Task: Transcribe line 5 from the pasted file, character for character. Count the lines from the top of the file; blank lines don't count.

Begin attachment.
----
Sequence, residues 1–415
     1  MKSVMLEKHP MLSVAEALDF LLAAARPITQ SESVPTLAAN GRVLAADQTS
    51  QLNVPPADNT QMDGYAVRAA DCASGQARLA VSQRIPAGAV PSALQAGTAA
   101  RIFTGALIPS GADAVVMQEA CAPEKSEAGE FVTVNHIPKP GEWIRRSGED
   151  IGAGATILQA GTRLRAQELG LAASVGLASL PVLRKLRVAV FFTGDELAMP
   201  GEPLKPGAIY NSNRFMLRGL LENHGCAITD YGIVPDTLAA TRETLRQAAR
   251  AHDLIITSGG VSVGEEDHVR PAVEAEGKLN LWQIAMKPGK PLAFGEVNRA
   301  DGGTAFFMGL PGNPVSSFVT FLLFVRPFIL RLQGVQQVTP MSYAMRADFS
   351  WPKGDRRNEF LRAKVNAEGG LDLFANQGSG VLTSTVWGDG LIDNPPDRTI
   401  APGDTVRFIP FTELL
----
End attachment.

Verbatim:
   151  IGAGATILQA GTRLRAQELG LAASVGLASL PVLRKLRVAV FFTGDELAMP